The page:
As the inaugural volume of the new Brill book series
Gendering the Trans-Pacific World: Diaspora, Empire, and Race, this anthology presents an emergent interdisciplinary and multidisciplinary field that highlights the inextricable link between gender and the trans-Pacific world. The anthology features twenty-one chapters by new and established scholars and writers. They collectively examine the geographies of empire, the significance of intimacy and affect, the importance of beauty and the body, and the circulation of culture. This is an ideal volume to introduce advanced undergraduate and graduate students to Transpacific Studies and gender as a category of analysis.
Gendering the Trans-Pacific World: Diaspora, Empire, and Race is now available in paperback for individual customers.
Catherine Ceniza Choy, Ph.D. (1998), University of California, Los Angeles, is Professor of Asian American and Asian Diaspora Studies in the Department of Ethnic Studies at the University of California, Berkeley. She is the author of
Empire of Care: Nursing and Migration in Filipino American History (Duke University Press, 2003) and
Global Families: A History of Asian International Adoption in America (New York University Press, 2013).
Judy Tzu-Chun Wu, Ph.D. (1998), Stanford University, is Professor and Chair of Asian American Studies at the University of California, Irvine. She authored
Dr. Mom Chung of the Fair-Haired Bastards: The Life of a Wartime Celebrity (University of California Press, 2005) and
Radicals on the Road: Internationalism, Orientalism, and Feminism during the Vietnam Era (Cornell University Press, 2013).
Part I: Gendering the Trans-Pacific
1. Gendering the Trans-Pacific World,
by Catherine Ceniza Choy and Judy Tzu-Chun Wu 2. Notes on Trans-Pacific Archives,
by Denise Cruz 3. The Many Labors of the Gendered Trans-Pacific World,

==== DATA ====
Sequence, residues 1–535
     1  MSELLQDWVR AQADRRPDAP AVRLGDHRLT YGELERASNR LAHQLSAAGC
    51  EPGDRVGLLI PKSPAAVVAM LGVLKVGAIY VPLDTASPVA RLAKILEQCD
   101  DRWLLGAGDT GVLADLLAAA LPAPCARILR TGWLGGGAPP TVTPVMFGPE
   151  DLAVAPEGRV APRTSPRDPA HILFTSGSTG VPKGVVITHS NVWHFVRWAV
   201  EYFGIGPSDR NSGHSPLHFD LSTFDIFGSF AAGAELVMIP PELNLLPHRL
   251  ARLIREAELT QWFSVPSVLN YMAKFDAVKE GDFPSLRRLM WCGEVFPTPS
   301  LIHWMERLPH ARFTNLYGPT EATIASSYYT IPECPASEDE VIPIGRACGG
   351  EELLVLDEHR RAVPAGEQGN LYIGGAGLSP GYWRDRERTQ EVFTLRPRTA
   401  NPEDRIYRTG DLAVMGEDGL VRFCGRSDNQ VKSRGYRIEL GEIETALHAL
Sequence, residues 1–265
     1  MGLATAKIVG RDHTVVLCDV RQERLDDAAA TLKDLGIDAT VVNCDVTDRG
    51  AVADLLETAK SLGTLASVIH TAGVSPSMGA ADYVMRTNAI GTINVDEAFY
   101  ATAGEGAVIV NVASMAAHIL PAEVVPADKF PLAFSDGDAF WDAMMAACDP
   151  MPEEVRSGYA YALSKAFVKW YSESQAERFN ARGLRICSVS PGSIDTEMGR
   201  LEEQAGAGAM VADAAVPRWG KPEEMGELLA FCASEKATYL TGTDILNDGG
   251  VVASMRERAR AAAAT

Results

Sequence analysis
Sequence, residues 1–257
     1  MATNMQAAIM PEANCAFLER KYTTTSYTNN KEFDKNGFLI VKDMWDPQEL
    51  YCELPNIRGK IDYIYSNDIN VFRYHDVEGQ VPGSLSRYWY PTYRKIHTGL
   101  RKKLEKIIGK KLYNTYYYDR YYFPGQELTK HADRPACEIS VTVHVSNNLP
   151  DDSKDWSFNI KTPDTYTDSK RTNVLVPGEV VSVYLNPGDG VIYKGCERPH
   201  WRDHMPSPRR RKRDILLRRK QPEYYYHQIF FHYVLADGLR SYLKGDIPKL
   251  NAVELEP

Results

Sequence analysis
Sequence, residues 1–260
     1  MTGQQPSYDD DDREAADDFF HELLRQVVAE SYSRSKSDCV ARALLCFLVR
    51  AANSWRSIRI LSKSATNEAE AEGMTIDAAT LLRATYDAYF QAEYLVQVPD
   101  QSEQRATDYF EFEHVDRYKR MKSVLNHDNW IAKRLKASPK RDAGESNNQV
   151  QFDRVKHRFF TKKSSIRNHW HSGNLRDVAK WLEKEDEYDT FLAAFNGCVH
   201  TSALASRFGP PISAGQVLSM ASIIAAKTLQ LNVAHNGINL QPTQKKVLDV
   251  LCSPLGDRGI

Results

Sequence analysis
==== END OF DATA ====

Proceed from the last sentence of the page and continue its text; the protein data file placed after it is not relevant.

by Karen J. Leong
Part II: Geographies of Empire
4. Rethinking the Sexual Geography of American Empire in the Philippines: Interracial Intimacies in Mindanao and the Cordilleras, 1898–1921,
by Tessa Ong Winkelmann 5. A Fascist Triangle or a Rotary Wheel: The Sino-Japanese War and the Gendered Internationalisms of Sylvia Pankhurst and Carlos Romulo,
by Erika Huckestein and Mark L. Reeves 6. Moving Within Empires: Korean Women and Trans-Pacific Migration,
by Ji-Yeon Yuh 7. Re-franchising Women of Hawaiʻi, 1912–1920: The Politics of Gender, Sovereignty, Race, and Rank at the Crossroads of the Pacific,
by Rumi Yasutake 8. Currencies of U.S. Empire in Hawaiʻi’s Tourism and Prison Industries,
by Liza Keānuenueokalani Williams
Part III: Intimacies and Affect
9. The Sexualized Child and Mestizaje: Colonial Tropes of the Filipina/o,
by Gladys Nubla 10. “Ashamed of Certain Japanese”: The Politics of Affect in Japanese Women’s Immigration Exclusion, 1919–1924,
by Chrissy Yee Lau 11. Gendered Adoptee Identities: Performing Trans-Pacific Masculinity in the 21st Century,
by Kimberly McKee 12. Up in the Air: Circuits of Transnational Asian and Asian American Mothering,
by Miliann Kang
Part IV: Beauty and the Body
13. Pageant Politics: Tensions of Power, Empire, and Nationalism in Manila Carnival Queen Contests,
by Genevieve Clutario 14. “Golden Lilies” across the Pacific: Footbinding and the American Enforcement of Chinese Exclusion Laws,
by Fang He 15. Traces of Empires in Breast Cancer in South Korea and the Trans-Pacific,
by Laura C. Nelson 16. Graphical and Ethical Spectatorship: Human Trafficking in Stanford Graphic Novel Project’s From Busan to San Francisco and Mark Kalesniko’s Mail Order Bride,
by Stella Oh
Part V: Culture and Circulation
17. Performing between Two Empires: Colonial Modernity and the Racialized Politics of Filipino Masculinity in Okinawa and Japan,
by Nobue Suzuki 18. A Careful Embrace: Race, Gender, and the Consumption of Hawaiʻi and the South Pacific in Mid-Century Los Angeles,
by Shawn Schwaller 19. We Are Pacific Men,
by Craig Santos Perez 20. Gendering the K-Vampire,
by Hyungji Park 21. Through a Trans-Vietnamese Feminist Lens: The Cinemas of Vietnam and the Diaspora,
by Lan Duong
All interested in the emerging field of trans-Pacific Studies, particularly those interested in a gendered analysis of the trans-Pacific. The anthology is particularly well suited to scholars, graduate students, and upper-level undergraduates.